Yellowstone: Record-Breaking September Pushes Year-To-Date Visits To Over 4 Million
Written by Andrew-Rossi on October 15, 2021
Yellowstone National Park shatters its September and year-to-date records, which raises questions on whether the park can handle such vast crowds.
The record-breaking year at Yellowstone National Park continued into September. Last month’s numbers surpassed 2020’s, making September 2021 the busiest September in the park’s history.
Yellowstone National Park hosted 882,078 recreation visits in September 2021 – a 5% increase from September 2020 and a 27% increase from September 2019.
It’s worth noting that 2019 was the last “regular” year in the park. Thus, it was wholly unaffected by the COVID-19 pandemic and is the most reliable recent year for number comparisons.
September 2021 pushed the year-to-date visitation numbers well over four million.
So far, in 2021, the park has hosted 4,463,599 recreation visits – up 32% from the same period last year and up 17% from 2019.
And there’s still three months of 2021 to go . . .
The last busiest year in Yellowstone was 2016, with 4,257,178 recreation visits.
But with the millions of people comes numerous questions and concerns – can the park handle such numbers?
“Never in Yellowstone’s history have we seen such substantial visitation increases in such a short amount of time,” said Superintendent Cam Sholly. “We will continue working with our teams and partners to develop and implement appropriate short- and long-term actions for managing increasing visitation across the park. My thanks to our teams here for working through a record visitation year, especially with the continued workforce challenges presented by COVID-19.”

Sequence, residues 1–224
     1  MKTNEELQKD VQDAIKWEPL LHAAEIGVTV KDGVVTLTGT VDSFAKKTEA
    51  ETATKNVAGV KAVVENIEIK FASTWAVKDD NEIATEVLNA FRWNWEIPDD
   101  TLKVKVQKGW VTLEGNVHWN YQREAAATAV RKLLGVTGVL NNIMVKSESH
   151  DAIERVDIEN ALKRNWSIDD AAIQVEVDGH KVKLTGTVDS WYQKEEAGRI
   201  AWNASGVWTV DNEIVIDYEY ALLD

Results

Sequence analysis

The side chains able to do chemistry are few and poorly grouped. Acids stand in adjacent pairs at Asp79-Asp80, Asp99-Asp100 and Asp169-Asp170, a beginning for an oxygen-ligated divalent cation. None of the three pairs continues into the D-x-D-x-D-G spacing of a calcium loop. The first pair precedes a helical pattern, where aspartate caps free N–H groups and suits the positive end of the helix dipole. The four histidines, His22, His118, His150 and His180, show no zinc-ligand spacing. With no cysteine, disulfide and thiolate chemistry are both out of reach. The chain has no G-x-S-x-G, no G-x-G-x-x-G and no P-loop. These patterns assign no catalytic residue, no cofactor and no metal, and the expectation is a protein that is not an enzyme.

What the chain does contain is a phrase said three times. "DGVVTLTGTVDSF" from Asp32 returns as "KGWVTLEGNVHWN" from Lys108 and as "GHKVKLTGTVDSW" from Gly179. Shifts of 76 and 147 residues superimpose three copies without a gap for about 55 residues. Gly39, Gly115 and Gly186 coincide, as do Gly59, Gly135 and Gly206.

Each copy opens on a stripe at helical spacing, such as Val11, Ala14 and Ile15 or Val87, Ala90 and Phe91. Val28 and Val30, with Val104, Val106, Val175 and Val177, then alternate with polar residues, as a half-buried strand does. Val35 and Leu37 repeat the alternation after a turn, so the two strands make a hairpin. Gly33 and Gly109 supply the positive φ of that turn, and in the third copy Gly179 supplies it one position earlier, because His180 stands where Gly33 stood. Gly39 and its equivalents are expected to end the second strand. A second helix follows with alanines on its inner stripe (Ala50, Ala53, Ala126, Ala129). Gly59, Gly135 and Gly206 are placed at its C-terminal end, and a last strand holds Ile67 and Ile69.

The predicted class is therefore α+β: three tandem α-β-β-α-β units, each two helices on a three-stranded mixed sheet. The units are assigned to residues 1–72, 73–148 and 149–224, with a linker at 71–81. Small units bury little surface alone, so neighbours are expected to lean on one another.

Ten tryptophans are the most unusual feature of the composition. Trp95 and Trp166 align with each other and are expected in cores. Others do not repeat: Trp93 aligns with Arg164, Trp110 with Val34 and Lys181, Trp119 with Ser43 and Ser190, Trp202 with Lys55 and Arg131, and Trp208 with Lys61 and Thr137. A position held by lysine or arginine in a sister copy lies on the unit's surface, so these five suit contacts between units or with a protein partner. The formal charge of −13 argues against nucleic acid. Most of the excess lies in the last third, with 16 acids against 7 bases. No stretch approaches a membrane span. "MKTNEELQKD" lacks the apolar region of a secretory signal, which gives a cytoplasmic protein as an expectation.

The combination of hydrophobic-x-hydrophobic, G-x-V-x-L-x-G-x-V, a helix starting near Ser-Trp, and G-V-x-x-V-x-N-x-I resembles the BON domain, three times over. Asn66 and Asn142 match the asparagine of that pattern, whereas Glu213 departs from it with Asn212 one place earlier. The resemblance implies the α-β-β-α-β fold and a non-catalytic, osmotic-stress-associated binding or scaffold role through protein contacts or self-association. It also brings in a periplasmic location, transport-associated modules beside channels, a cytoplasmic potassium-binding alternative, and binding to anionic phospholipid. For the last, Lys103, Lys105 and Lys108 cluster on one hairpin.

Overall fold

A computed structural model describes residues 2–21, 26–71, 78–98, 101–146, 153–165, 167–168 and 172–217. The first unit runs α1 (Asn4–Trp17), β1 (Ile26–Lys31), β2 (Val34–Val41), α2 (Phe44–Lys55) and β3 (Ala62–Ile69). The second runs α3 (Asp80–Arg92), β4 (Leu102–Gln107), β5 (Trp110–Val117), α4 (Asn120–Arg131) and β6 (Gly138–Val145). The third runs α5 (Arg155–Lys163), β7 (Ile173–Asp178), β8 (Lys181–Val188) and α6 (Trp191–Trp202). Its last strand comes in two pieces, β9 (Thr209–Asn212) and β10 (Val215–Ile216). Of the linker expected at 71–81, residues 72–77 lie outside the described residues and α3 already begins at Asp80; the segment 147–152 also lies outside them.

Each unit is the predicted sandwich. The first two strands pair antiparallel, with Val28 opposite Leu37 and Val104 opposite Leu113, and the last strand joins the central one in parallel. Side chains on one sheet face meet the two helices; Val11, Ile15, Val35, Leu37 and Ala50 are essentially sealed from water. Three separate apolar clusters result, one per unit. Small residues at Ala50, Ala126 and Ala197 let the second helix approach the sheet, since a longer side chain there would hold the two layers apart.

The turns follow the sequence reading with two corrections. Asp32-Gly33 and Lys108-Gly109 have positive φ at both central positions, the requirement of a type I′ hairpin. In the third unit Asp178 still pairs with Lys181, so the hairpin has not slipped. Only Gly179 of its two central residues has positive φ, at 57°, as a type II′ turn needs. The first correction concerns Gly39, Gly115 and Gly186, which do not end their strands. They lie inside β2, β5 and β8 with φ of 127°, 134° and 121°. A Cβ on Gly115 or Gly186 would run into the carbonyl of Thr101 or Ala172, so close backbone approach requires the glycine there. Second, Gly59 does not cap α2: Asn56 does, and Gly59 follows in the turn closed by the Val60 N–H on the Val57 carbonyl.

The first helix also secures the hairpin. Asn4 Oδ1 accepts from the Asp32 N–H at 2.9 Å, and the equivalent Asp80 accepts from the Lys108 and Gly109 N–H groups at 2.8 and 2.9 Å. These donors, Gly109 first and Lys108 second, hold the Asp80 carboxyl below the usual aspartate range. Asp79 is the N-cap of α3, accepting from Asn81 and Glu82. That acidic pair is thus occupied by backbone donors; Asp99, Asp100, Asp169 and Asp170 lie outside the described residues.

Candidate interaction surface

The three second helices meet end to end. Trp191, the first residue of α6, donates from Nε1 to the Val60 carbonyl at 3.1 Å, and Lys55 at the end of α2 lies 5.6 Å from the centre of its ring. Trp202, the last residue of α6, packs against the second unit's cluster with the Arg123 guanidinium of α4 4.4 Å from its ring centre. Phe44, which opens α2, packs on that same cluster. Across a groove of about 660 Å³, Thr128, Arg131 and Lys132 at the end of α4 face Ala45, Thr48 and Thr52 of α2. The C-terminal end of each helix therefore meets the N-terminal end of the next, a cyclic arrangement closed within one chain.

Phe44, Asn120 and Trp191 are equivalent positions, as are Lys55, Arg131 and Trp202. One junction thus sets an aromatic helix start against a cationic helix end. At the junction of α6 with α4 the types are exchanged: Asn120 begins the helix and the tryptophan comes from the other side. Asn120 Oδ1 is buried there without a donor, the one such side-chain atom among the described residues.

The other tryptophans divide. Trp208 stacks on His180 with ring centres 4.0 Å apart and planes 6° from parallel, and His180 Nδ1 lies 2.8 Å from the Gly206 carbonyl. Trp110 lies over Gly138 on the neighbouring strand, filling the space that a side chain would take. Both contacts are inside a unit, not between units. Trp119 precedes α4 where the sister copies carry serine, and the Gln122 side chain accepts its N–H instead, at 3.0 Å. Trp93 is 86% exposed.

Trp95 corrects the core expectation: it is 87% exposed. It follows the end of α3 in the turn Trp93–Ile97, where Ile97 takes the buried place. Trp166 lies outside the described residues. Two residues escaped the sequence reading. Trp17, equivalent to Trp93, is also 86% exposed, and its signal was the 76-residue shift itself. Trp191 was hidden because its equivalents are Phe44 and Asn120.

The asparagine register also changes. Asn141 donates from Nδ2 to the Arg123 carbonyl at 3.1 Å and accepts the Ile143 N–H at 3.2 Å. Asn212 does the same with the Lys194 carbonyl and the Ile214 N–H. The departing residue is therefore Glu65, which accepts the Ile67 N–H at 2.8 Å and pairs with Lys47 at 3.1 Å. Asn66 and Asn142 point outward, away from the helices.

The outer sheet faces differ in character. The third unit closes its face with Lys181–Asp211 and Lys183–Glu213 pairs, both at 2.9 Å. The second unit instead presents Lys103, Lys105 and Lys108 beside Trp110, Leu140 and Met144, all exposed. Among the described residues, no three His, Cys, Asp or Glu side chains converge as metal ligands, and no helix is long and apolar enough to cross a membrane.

Yellowstone’s road corridors and parking areas equate to less than 1,750 (0.079%) acres of the park’s 2.2 million acres. Yet, most visitors stay within a half-mile of these corridors.
Yellowstone’s visitor use strategy, developed in 2019, focuses on the impacts of increasing visitation on:
- Park resources
- Staffing, infrastructure, and operations
- Visitor experience
- Gateway communities, including economic and recreational access.
Park officials are concentrating their efforts on the most congested areas: Old Faithful, Midway Geyser Basin, Norris, the Canyon rims, and Lamar Valley.
Yellowstone officials already have a comprehensive resource tool developed to monitor and respond to impacts on resources.
This year, park officials piloted an AV shuttle system, moving over 10,000 visitors at Canyon Village and testing technology that could be used in the future. In addition, a significant shuttle feasibility study is underway to analyze the viability of a shuttle system in the Midway Geyser Basin corridor.
The park will also use data derived from recent major visitor surveys and transportation studies to inform their future decisions. In addition, Yellowstone officials are working closely with Grand Teton National Park on mutually beneficial solutions since both parks share a substantial number of visitors each year.
Furthermore, Yellowstone has completed over $100 million in projects over the past two years to improve transportation infrastructure, reduce traffic congestion and enhance visitor experiences.
Substantial additional investments will continue in 2022 and 2023 in multiple areas of the park as part of funding received from the Great American Outdoors Act.